What is the Green Revolution?
Ever since early man began cultivating land, he has been trying to improve the quality of seeds and yields. The ‘Green Revolution’ was initiated by Norman Ernest Borlaug an American agronomist who is considered as the “Father of Green Revolution’. It was his initiative to encourage the use of high yielding varieties of grains, better irrigation facilities etc.
Motive behind the Green Revolution
This revolution began as a measure to improve and increase the production of food globally by using better and improved irrigation facilities, pesticides and fertilizers, use of high yielding grains etc.
The successful use of various agricultural experiments refers to the ‘Green Revolution’ that took place in various developing countries. India is one of the countries where the Green Revolution had an excellent success rate.
Success of Green Revolution
- The widespread shortage of food after the Second World War led to the need for better and improved systems of agriculture to provide food for the world.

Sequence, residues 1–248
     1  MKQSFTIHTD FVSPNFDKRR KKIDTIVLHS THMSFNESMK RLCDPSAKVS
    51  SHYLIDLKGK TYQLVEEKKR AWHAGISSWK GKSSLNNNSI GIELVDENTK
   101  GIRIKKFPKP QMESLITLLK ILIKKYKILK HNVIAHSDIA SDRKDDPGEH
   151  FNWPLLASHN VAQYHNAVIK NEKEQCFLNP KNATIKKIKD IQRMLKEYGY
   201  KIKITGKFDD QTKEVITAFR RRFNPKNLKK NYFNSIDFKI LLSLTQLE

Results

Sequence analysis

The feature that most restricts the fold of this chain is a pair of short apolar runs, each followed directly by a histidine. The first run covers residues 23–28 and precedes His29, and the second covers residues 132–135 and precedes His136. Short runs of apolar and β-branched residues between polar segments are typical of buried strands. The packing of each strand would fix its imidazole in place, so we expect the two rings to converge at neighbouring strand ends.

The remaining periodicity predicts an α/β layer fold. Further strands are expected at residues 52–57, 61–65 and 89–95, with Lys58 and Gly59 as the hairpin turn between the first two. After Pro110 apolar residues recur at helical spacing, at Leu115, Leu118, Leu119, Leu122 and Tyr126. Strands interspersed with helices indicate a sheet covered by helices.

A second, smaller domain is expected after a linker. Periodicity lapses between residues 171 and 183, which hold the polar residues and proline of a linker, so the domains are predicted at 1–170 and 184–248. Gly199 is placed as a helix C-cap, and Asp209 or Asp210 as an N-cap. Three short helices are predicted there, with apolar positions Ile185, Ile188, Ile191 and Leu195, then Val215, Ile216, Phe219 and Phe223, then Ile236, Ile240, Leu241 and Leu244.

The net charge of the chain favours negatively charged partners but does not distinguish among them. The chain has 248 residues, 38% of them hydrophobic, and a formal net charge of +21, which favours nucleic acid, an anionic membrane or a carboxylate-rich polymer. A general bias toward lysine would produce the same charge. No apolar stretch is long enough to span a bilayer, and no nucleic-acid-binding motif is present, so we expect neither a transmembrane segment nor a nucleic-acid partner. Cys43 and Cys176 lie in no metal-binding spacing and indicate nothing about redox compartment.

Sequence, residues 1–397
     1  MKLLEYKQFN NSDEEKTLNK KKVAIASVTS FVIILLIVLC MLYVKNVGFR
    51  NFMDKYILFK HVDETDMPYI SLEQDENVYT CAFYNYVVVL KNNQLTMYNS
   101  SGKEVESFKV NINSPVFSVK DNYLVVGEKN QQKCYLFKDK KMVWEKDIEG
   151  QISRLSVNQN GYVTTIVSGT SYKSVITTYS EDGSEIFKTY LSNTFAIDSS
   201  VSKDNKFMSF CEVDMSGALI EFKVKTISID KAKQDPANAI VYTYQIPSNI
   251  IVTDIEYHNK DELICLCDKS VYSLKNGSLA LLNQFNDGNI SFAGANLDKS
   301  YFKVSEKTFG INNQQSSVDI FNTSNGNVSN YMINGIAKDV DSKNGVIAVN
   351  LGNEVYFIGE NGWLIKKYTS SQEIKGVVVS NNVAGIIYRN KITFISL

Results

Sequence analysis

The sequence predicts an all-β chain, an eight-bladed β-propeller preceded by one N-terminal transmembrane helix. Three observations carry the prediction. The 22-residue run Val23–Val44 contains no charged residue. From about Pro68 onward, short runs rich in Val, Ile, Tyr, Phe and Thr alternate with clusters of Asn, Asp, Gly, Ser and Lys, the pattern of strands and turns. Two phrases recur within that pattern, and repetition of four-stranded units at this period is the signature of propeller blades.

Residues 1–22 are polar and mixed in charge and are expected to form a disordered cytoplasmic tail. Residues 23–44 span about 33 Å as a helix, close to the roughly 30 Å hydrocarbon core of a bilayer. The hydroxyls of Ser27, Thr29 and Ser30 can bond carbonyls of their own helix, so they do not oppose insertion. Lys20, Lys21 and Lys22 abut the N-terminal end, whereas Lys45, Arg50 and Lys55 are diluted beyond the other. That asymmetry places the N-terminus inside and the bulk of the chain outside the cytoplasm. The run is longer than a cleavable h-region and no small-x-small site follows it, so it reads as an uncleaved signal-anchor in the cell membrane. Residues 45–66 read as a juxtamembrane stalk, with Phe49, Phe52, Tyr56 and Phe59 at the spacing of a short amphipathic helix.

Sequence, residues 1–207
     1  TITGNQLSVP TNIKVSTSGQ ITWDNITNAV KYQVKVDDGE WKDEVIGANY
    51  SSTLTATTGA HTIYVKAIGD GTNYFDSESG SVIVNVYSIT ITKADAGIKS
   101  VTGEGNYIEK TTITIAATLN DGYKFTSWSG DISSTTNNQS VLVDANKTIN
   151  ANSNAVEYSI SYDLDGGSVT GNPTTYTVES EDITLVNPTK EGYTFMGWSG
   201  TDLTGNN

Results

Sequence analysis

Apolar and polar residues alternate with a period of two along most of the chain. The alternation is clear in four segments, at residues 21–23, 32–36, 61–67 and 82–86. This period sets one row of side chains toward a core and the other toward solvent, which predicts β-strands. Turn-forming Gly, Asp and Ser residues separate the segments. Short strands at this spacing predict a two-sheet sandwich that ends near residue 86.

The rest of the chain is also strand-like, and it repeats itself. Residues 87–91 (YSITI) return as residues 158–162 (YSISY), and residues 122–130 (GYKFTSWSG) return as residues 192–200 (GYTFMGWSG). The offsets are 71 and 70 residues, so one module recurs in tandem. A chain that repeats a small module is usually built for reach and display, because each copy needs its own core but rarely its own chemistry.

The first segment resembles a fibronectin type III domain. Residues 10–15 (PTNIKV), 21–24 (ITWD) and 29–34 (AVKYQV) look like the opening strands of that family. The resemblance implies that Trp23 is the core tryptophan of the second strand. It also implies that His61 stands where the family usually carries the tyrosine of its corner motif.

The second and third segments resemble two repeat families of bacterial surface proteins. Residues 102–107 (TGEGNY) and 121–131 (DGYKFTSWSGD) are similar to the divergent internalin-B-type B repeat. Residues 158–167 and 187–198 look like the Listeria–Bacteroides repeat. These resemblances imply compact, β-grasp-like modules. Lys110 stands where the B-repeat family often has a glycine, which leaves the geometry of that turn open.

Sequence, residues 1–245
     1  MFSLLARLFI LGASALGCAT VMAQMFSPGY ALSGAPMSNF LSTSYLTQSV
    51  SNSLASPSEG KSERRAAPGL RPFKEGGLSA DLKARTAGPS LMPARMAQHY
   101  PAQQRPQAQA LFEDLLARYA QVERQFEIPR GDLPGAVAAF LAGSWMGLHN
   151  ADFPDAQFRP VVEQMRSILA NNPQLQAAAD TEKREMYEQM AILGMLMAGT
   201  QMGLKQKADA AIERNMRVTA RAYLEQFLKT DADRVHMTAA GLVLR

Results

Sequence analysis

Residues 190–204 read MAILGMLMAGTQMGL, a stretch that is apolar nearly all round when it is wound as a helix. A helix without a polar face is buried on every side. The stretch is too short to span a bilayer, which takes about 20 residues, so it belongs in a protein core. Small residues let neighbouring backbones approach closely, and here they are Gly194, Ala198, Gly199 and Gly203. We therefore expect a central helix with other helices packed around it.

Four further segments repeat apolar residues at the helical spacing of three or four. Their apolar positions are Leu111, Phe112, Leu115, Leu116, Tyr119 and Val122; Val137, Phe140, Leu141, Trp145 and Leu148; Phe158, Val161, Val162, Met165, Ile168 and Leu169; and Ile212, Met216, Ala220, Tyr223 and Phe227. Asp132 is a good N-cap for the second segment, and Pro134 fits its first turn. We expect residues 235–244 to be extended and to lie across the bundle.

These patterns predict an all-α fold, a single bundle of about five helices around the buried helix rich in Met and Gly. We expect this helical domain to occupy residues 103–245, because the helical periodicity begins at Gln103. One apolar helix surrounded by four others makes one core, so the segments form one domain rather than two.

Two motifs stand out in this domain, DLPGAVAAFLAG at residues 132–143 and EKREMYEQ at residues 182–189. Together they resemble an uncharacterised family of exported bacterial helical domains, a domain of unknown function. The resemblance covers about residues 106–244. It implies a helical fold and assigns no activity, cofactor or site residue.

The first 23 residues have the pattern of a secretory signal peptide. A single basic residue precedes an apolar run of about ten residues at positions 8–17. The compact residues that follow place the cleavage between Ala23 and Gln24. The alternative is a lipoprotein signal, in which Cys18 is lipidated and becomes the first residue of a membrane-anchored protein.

- The revolution is believed to have begun in Northwest Mexico after improved varieties of wheat increased the yield due to all the technological factors.
- These new and improved practices replaced the traditional methods of farming in most developing countries. Rice, wheat and corn were the crops that found new life.
Green Revolution in India
- India was facing a massive famine situation in the 1960’s. This lead to India joining the Green Revolution.
- Our government chose the state of Punjab as the first place to try the new crop due to the availability of water for agriculture.
- India wanted to be self – sufficient in providing food for the large growing nation.
- To improve the yield, the green revolution adopted high yielding seeds, use of pesticides, various land reforms, new and improved infrastructure in rural areas, use of good fertilizers, easy and effective credit facilities to farmers and the establishment of good agricultural institutes and colleges.
- India grew one crop a year due to its rainfall season, the primary aspect of the green revolution was double cropping that was to grow two crops per season instead of the earlier practice of one crop. Large irrigation projects were set up to ensure the second crop farming every year.
- India produced new high quality yields of rice, wheat, corn and millet which lead to the increase of grains by millions of tonnes every year.